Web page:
Upstate fall

This past weekend upstate was so autumnal. It seems like we've gone from high summer to fall just like that. Temperatures feel colder than normal (at least in my estimation) and the color of the leaves has started. While I wait for the bulb order to arrive there is not much gardening to do, at least not until all the leaves are on the ground.

One of the old lake cabins in our neighborhood

The leaves are just starting to turn on the other side of the lake

"Der Einsame im Herbst" from Das Lied von der Erde by Gustave Mahler—Janet Baker and The Royal Concertgebouw Orchestra

This is my favorite house in our lake community. It is painted with creosote and we liked the charcoal shade a lot so we took our paint swatches up and held them up to the side of the house to match the color.

Big blowsy colchicums are always a surprise. I planted these autumn-blooming bulbs several years back and usually forget I have them until they pop up unexpectedly in October. Because the plants flower separately from the leaves (which come earlier in the summer and then wither away), the plants are sometimes called naked ladies. Several other plants behave similarly.
Though my naked ladies flop around in a drunken sort of way and look kind of messy, I don't judge them too harshly. I think they behave as good representations of the romantically exhausted fall garden. Plant them in late summer or early fall and they will bloom within a few weeks.

This Colchicum autumnal might be 'Lilac Wonder' but there are quite a few cultivars that look pretty much the same to me. Click the photo to see the subtly tessaleted pattern on the petals.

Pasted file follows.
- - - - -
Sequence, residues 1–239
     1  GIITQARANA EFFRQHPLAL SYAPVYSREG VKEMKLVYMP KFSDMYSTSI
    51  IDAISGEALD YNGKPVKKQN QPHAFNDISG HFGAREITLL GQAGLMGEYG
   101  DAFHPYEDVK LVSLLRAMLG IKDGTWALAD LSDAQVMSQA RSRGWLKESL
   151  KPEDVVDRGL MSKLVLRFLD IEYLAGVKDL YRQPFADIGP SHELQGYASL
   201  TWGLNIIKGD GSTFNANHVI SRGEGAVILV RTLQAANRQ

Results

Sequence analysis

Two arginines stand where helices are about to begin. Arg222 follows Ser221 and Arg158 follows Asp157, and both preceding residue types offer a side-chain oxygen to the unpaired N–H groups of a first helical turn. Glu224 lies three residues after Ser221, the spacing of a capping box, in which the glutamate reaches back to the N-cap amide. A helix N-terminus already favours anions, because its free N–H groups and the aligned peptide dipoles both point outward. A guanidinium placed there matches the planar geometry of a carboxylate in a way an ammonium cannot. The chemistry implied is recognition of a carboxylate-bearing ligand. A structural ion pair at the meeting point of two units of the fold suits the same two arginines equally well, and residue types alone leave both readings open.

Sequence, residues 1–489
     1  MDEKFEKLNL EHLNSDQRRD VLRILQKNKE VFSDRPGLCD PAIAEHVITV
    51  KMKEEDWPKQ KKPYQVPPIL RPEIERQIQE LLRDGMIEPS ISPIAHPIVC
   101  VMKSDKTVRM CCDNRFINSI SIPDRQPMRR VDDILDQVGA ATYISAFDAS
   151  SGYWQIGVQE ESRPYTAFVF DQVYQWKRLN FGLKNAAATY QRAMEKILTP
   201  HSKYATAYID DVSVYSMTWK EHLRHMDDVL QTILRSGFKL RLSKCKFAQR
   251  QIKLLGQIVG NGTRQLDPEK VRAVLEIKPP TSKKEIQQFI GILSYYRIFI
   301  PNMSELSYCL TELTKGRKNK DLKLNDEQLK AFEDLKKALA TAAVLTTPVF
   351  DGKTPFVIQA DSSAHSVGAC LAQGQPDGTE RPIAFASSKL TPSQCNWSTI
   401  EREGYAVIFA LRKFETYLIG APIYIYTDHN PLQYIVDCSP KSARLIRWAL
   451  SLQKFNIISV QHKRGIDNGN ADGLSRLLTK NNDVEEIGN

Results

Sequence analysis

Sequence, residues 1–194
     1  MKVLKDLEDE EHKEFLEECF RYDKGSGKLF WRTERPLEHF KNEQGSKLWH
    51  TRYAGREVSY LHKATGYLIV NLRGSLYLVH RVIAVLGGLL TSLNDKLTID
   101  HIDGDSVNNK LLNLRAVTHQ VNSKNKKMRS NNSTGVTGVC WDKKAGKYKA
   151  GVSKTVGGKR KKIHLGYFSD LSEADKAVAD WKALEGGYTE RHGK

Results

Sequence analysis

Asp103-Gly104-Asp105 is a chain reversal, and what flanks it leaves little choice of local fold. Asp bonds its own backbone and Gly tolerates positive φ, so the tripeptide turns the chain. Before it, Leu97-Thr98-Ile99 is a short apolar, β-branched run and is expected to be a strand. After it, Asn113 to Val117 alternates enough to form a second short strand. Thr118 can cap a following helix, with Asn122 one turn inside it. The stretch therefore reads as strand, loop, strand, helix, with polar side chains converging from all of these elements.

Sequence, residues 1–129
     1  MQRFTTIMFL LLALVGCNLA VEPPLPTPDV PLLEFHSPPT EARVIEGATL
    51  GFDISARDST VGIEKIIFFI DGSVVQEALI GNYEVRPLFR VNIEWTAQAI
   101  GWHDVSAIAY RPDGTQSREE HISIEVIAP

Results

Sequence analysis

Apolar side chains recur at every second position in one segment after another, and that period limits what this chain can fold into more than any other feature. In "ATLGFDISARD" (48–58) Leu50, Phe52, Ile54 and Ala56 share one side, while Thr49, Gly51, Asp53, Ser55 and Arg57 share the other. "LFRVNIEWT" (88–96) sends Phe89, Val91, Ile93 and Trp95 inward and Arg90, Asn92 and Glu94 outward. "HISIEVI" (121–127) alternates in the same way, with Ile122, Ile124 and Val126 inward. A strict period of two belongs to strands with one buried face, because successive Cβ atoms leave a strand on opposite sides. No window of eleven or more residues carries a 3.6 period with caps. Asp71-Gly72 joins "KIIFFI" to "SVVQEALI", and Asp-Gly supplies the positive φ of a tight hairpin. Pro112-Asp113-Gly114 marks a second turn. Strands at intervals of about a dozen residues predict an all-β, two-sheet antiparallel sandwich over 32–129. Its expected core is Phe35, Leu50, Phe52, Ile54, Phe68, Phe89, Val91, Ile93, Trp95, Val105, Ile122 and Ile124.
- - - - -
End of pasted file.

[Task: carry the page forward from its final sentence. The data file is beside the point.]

The plant and its extract colchicine are very poisonous if eaten, on par with arsenic. Administered carefully, it has been used for centuries to treat gout and now is being studied as a treatment for certain cancers.

Catching one last nap on our dock before it is removed for the winter

I bought a of couple of asters at the garden center. This year they are as tight as a mum. So I've really planted them for next season when I hope they will get wild and rangy. This one is called 'Frolic'. If it grows back dome-shaped next time it's coming right out.

The edge of the lake

Colchicums make unexpectedly good cut flowers. Since the long flower stems look so fragile, I thought it would droop immediately but it lasted for several days.

The rare ghost plant (aka indian pipe or corpse plant) grows fairly frequently in the dark forests around our house—we even have them in the front yard under the hemlocks and beeches. Like an apparition, Monotropa uniflora won't show itself for long. This milky white wildflower doesn't rely on chlorophyll but instead gets its nutrients from a complex relationship with nearby tree fungi. Of course, I get very excited in my own quiet way when I see them since they look like no other plant.

Our house


babszilla said...

Great posting! And the photos capture the quiet beauty of your upstate NY community to perfection.

Paulette P. said...

With the poetry of these photographs, and your house, be still my heart. Really wonderful.

Stephen Orr said...

Thank you both. I appreciate your comments!